Fuse Block removal

Discussion in 'Dyna Models' started by R_W_B, Sep 12, 2011.

  1. R_W_B

    R_W_B Senior Member

    If any of you ever have the necessity to remove your fuse blocks so as to totally remove the side Electrical caddy, then this will help. I recently did this and found the whole affair to be quiet ambiguous as far as any real help from the repair manual.

    First off the TSSM module comes off easily enough. It unclips and slides out the to front far enough to reach in behind it and remove the deutsch connectors from the TSSM module. The TSSM then comes out the front and the deustch connectors go out thru the back of the caddy. Pretty much the same scenario on the ECM plug and data link.

    The main fuse comes out realitively easy, by inserting two screwdrivers into (one each) slots on either side of the main fuse. You then have to pry the screwdrivers simultainously against tabs on the main fuse block to release it and then (also simultainously) push the fuse itself towards the back of the Caddy and out the rear. Even if you release the tabs you will have to give it a push or it won't move.

    However on the two fuse blocks at bottom things start to get a bit more interesting. First off here is a pic of the the two bottom fuse blocks. Notice under each one is a wide (but very short) slot.


    Now the manual says, insert a small flat blade screwdriver to the back of the slot and pry the release tab. Well first off I have some pretty small screw drivers but the jewelers screw drivers were not long enough, so I got out my smallest 1/8 inch wide blade standard. The shank on it was too thick to go into the slot past the blade.

    So I went shopping for a 1/8 inch blade screwdriver with the smallest (narrow dia) shank I could find. And I found one that was pretty small, but when I got home it would just barely go into the slot and since it was against the top and bottom of the slot hole it did not allow me to tilt it downward to get at the bottom of the tab.

    So I got out my 4" grinder and ground both sides of the screwdriver's shank so as to make it more manuverable in the slot. And then with still some difficulty I was able to get the two bottom fuse blocks to release.

    When I got everything off and could actually SEE what the scenario was, I think next time I will be better able to to know exactly where to press the screwdriver and when to twist it (since the distance back in the slot tends to loose any prying up with bending of the ground down shaft. I am disappointed in the design of this whole affair BTW.

    Anyhow to show you what you will be up against here are some more pics with explanations.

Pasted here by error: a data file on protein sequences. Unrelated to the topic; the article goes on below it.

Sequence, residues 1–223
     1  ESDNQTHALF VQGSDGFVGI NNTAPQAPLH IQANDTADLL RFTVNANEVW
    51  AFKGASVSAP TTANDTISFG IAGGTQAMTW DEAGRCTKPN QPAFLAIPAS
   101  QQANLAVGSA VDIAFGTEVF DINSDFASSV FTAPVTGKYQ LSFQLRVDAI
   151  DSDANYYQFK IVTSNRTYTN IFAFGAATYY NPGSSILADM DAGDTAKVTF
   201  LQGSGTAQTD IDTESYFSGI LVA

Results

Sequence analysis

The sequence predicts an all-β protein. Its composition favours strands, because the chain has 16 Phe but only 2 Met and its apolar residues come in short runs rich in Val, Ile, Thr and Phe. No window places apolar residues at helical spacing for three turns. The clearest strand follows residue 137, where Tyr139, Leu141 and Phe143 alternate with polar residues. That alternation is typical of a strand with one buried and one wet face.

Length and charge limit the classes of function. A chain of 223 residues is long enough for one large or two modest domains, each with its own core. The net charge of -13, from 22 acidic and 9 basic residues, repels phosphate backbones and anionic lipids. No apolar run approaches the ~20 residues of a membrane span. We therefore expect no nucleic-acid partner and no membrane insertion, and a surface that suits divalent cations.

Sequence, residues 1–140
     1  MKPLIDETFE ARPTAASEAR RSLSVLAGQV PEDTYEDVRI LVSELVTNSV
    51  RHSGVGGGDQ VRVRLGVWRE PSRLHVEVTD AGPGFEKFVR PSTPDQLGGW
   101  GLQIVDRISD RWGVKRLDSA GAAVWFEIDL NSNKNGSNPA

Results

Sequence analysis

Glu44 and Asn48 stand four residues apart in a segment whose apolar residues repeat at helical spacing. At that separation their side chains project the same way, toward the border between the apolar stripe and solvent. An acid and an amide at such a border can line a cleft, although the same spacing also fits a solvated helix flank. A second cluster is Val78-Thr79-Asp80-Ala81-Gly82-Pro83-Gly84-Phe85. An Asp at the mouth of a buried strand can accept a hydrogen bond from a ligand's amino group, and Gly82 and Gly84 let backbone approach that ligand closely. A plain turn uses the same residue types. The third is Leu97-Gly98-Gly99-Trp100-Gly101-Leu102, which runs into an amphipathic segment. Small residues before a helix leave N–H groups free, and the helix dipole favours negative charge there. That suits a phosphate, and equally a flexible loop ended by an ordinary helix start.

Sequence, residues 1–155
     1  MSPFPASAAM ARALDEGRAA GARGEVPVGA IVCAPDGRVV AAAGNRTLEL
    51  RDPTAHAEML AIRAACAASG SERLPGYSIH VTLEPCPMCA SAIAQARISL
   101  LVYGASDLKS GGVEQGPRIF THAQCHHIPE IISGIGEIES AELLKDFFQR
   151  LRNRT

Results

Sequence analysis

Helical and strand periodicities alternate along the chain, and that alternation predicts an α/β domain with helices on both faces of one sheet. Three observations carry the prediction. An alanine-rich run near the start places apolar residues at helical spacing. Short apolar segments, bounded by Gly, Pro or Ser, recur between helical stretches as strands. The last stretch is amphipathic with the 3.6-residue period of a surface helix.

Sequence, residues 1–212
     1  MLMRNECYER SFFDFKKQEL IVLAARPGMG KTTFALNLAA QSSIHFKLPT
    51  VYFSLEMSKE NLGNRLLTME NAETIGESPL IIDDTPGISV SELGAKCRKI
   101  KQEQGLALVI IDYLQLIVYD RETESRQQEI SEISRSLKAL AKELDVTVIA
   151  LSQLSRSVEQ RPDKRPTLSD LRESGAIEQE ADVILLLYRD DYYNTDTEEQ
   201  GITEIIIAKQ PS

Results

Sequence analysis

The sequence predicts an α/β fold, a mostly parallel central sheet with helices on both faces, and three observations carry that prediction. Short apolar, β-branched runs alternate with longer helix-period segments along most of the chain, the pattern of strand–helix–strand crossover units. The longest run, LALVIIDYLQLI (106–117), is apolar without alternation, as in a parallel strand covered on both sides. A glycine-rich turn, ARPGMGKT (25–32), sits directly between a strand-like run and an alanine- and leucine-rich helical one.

This is the bottom of one of the (two) fuse blocks. Notice at the end of my thumb is a plastic tab that comes down off the bottom of the fuse block.


    This tab (will show drawing more clear later) sits just inside another reverse position tab on the Caddy housing itself. The tab on the Caddy is the one that flexes downward when the screwdriver is twisted after being placed at the bottom of the junction. A 1/8 inch blade BARELY produces enough twist lift to get the tab down far enough to clear. A wider blade would be in order IF you grind down the shaft thin enough to get it into the area.

    First I want to show you the Caddy part of this scenario.


    You will notice at the end of the flashlite beam is a tab coming up from the slot. That slot IS the access slot for the screwdriver removal. That slot actually flexes downward when you pry or twist with the screwdriver. The fuse block does not move except to slide back and over this tab.

    A more clear scenario is in this cad deptiction that I quickly created. The yellow color is the fuse block, notice the little tab on it's back bottom (as seen in first photo).

    The cyan (lite blue) color is the Caddy housing flex tab (shown in second photo).

    The red is my flat blade screwdriver (with ground flat shank) inserted at the proper position to twist the flex tab down and SIMULTAINOUSLY push the fuse block out the back of the caddy. As said an 1/8 inch blade barely separates the two tabs enough to allow exit. So SEEING what is going on can help a lot.


    Now when you go to re-install the fuse blocks into the caddy, be aware they slide into two guide rails for alignment. The guide rails are shown in this next pic, my thumb is on one and the other is on the other side.


    The whole affair slides in and out as shown here


    Hope this helps someone someday. I sure would have loved to have known everything that is shown here when I first started trying to remove the fuse blocks.
  2. Hoople

    Hoople Account Removed

    Great write up, Very informative. Tks!
  3. glider

    glider Veteran Member

    Thanks R W B, I copied it into self help:D
  4. glgarrett

    glgarrett Active Member

    Great job! Thanks! :majesty
  5. lonewatie

    lonewatie Member

    I could have used this the other day; thanks for the great write up. Fortunately, my common sense told me to stop messing with it before I did any permanent damage.